I'm making a mini RC car with an Arduino nano and wireless communication with RF433, with 2 motors with 2 motor drivers (L293D). I use 4 1.5V batteries to power the arduino nano and another 6V battery pack to power the motors, and use a joystick with an Arduino Mega to send commands. I've written a program that sends specific digits when the joystick is in a certain position, i.e. when the joystick is "bent" to the front it sends a "1", a "2" is sent when the joystick is bent towards the back, and so on.

My problem is this: When I bend the joystick towards a certain direction, the RC car moves accordingly without problem; However, when I bend the joystick towards another direction (in other words send a different command), the RC car doesn't respond. I took a look at what the RC car was receiving, and I've noticed that after the first command was sent (when I bend the joystick towards a certain direction), no more commands get to the RC car (in other words the Arduino Nano). This occurs occasionally, and I can't afford to have defects like this. I think this means the Arduino Nano "froze" after the first command. Is this because of not enough voltage or current? Are there any alternatives to 4 1.5V batteries that are not pricey (I need to build 8 of these RC cars)?

UPDATE: These are the pictures of my breadboard and whole thing. Though I doubt it'll help. enter image description hereenter image description here

  • \$\begingroup\$ Do you have separate power rails for the Arduino vs the motors? Are you certain the batteries are able to deliver the amount of current necessary for the motors (especially the instantaneous in-rush current)? It sounds like the Arduino is suffering a brownout when the motors kick in and cause a dip in the input voltage. \$\endgroup\$ – tangrs Feb 19 '17 at 13:45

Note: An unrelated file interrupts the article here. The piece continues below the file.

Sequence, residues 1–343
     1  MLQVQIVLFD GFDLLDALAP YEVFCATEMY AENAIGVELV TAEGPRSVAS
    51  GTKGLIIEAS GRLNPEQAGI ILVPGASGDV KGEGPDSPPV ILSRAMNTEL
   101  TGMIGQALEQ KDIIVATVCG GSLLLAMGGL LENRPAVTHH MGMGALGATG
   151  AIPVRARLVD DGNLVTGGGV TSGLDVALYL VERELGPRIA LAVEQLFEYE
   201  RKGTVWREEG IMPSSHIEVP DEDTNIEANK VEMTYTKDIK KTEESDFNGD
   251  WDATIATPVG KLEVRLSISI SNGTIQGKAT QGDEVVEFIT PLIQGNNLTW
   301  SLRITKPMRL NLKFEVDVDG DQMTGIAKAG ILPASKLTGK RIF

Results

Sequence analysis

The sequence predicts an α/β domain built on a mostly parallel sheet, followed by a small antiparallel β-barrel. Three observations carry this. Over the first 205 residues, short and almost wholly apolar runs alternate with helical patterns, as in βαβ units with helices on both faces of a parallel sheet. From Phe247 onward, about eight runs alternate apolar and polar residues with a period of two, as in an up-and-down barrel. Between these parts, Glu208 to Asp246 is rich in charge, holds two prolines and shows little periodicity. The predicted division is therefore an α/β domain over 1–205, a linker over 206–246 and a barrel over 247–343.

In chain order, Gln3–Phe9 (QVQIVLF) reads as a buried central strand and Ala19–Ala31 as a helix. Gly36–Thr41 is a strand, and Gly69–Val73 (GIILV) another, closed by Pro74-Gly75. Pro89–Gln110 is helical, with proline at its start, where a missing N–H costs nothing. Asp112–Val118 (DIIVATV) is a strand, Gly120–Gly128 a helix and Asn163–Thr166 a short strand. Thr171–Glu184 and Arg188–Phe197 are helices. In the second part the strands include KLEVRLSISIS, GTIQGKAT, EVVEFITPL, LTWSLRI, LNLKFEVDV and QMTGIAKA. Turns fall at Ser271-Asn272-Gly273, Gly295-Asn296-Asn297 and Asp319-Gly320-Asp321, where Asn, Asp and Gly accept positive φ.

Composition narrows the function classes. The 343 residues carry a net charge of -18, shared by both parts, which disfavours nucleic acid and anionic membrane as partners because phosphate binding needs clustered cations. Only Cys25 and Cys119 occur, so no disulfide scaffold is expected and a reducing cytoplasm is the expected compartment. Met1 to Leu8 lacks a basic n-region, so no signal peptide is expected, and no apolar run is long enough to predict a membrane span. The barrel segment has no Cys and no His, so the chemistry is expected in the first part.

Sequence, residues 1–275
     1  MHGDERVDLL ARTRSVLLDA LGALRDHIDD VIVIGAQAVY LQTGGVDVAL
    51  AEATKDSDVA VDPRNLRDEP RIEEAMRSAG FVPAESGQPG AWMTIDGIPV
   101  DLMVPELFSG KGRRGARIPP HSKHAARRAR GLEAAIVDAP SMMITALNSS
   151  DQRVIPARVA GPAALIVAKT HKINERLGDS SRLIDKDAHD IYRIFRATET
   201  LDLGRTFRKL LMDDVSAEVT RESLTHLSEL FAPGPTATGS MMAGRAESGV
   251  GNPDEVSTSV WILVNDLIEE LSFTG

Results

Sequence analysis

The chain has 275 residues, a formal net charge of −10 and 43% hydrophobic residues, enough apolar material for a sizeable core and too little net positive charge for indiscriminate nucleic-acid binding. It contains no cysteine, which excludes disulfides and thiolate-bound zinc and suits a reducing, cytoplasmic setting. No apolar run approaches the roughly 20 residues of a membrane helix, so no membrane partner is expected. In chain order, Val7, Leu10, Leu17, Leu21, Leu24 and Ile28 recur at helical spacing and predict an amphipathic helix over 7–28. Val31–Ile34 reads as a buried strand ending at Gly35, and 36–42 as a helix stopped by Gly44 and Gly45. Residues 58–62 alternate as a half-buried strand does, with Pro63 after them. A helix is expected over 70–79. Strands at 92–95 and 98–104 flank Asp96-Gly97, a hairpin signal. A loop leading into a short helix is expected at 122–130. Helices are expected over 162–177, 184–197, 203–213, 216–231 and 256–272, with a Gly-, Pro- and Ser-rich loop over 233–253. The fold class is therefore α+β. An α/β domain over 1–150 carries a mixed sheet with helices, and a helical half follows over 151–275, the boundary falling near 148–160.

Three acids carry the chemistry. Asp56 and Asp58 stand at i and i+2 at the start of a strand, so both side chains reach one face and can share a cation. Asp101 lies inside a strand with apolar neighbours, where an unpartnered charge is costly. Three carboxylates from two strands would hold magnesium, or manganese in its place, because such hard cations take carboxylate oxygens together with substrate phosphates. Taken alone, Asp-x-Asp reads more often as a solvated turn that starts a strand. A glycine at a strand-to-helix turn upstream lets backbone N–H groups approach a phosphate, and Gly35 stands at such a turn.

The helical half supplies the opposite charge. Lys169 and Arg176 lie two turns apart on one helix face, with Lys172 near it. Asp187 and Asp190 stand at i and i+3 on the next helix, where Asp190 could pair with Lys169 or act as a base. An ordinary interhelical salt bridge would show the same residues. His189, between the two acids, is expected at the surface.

• \$\begingroup\$ There's a few things that don't seem to follow spec in your schematic. According to the L293 datasheets, Vcc1 should be at least 4.5V where you're supplying it with 3.3V. Furthermore, are you certain that Vin on the Arduino is producing >5V? Is the 5V rail actually 5V? A flat battery will cause it to run out of spec. The grounds on pins 4, 5, 12, 13 aren't all tied together to ground either. \$\endgroup\$ – tangrs Feb 19 '17 at 15:26
  • \$\begingroup\$ Hang on, are you using a L293D or are you using a TA7291P? Your schematic doesn't seem to match your question \$\endgroup\$ – tangrs Feb 19 '17 at 15:34
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    \$\begingroup\$ "I tried with separate power sources, but the problem's still there." - If the motors are powered from a separate battery then it should not brown out. You might have a 'ground loop' (motor current flowing though shared ground wire), or a software bug, or a loose connection. Make the Arduino flash an LED at regular intervals to prove that it is still alive, and turn on the Watchdog timer to reset the Arduino if it locks up for any reason. \$\endgroup\$ – Bruce Abbott Feb 19 '17 at 18:13